-- Robert Preidt
SUNDAY, Nov. 28 (HealthDay News) -- U.S. scientists say they
have partially reversed age-related degeneration in mice, leading
to new brain and testes growth, improved fertility and the return
of lost cognitive function, or thinking skills.
The advance in aging science was achieved by working with
telomerase genes in the mice, said the team at the Dana-Farber
Cancer Institute in Boston.
The researchers developed mice with a controllable telomerase
gene. (Telomerase is an enzyme that helps maintain telomeres -- the
protective "caps" on the ends of chromosomes.) As people age, low
levels of telomerase lead to progressive erosion and shortening of
the telomeres, resulting in physical and mental decline, the study
authors explained in a news release from the institute.
Creating mice with a controllable telomerase switch enabled the
scientists to create prematurely aged mice. The switch also enabled
the team to determine that reactivating telomerase in the mice
could restore telomeres and reduce the signs and symptoms of
In addition, the mice did not show signs of cancer -- a key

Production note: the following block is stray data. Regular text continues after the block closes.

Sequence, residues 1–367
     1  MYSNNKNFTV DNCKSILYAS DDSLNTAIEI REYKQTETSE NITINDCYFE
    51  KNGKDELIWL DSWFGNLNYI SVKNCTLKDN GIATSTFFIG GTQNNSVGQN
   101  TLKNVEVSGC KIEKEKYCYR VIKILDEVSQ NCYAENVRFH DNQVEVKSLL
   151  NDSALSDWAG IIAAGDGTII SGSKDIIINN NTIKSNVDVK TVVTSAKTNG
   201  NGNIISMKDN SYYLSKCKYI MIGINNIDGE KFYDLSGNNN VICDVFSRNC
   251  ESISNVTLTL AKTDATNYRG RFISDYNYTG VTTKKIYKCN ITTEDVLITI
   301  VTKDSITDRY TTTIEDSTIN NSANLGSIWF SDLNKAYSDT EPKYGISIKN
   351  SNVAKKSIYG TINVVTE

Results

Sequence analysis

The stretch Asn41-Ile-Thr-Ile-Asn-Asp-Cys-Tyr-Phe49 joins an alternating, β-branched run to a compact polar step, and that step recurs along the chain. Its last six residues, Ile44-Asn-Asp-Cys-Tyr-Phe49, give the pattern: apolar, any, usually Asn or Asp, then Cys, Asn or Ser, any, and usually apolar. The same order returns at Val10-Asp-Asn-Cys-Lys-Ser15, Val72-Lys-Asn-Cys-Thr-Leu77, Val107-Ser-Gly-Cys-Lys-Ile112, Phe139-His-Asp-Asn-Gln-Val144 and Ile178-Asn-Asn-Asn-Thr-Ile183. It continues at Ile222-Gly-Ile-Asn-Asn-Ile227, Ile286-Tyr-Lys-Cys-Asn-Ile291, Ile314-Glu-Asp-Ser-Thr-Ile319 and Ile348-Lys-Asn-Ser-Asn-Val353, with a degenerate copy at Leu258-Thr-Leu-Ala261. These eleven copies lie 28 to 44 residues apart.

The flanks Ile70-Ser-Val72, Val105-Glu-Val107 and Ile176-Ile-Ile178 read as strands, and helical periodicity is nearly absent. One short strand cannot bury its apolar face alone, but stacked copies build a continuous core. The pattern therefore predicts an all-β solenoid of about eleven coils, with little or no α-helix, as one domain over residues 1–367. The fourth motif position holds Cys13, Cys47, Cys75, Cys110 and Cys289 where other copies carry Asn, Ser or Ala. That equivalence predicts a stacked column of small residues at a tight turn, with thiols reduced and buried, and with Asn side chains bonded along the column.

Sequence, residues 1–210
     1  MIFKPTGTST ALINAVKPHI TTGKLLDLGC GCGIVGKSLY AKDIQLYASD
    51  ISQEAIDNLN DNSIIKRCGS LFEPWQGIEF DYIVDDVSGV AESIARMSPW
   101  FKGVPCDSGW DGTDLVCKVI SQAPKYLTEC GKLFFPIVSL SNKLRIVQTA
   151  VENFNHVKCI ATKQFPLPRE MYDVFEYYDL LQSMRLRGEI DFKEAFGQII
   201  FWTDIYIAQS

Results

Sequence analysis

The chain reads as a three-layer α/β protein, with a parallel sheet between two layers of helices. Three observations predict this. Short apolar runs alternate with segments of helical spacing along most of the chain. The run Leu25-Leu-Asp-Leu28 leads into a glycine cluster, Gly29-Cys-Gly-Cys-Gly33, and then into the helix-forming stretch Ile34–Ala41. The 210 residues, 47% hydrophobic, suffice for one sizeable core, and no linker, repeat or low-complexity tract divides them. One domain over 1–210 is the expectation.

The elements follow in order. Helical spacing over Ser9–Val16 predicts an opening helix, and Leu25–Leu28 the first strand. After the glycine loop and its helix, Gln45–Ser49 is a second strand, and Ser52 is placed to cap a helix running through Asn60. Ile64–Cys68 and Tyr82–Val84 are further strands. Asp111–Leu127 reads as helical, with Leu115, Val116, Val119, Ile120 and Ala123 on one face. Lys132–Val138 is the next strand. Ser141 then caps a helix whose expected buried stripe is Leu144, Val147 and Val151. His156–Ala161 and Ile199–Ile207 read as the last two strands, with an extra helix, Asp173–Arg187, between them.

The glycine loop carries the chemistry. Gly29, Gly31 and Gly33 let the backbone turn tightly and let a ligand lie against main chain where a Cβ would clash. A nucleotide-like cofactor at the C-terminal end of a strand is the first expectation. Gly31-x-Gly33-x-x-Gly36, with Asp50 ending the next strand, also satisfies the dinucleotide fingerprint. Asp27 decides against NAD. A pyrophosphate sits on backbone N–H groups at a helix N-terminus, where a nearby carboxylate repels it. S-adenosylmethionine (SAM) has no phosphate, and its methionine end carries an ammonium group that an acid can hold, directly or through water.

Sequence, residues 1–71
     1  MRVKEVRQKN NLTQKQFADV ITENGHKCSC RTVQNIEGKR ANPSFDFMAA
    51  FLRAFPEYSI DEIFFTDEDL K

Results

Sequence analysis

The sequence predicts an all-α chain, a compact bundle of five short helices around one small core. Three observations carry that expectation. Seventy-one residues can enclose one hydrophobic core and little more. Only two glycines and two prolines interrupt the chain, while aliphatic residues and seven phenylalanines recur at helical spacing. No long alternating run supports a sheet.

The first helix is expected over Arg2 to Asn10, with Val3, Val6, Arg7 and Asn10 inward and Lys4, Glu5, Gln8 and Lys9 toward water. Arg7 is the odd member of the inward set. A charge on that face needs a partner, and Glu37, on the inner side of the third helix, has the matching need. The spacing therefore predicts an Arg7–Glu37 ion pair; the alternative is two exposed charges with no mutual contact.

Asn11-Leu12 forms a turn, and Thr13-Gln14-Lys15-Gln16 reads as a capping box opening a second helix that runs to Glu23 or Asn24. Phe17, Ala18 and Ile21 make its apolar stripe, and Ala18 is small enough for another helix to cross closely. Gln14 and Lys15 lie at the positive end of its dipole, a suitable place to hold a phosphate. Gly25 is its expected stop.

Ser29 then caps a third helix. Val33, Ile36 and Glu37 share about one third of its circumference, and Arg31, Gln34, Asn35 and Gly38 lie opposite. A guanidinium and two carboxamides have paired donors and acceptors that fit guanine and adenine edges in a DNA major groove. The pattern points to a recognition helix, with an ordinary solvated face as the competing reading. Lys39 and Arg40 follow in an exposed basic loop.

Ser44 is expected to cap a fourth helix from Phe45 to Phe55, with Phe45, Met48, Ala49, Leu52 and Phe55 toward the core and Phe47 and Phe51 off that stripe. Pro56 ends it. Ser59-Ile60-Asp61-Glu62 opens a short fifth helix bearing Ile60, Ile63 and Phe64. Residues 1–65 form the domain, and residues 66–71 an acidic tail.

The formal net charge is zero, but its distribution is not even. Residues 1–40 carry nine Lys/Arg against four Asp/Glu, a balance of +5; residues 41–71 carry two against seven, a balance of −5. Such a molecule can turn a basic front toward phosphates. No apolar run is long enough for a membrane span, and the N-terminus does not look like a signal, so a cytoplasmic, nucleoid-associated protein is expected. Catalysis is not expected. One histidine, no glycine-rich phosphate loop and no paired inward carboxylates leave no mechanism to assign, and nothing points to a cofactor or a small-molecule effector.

concern because cancer cells can use telomerase to make themselves
virtually immortal. Researchers noted that this is an important
area of study for future investigation.
In the future, it may be possible to use this approach to treat
people with conditions such as rare genetic premature aging
syndromes, in which shortened telomeres play an important role,
said study senior author Dr. Ronald A. DePinho, director of
Dana-Farber's Belfer Institute of Applied Cancer Science.
"Whether this would impact on normal aging is a more difficult question," he said in the news release. "But it is notable that telomere loss is associated with age-associated disorders and thus restoration of telomeres could alleviate such decline."
DePinho also said the study may lead to new directions for
regenerative medicine because the findings suggest that dormant
adult stem cells in extremely aged tissues remain viable and can be
reactivated to repair tissue damage.
"If you can remove the underlying damage and stresses that drive the aging process and cause stem cells to go into growth arrest, you may be able to recruit them back into a regenerative response to rejuvenate tissues and maintain health in the aged," he said in the release.
The study was released online in advance of publication in an
upcoming print issue of the journal
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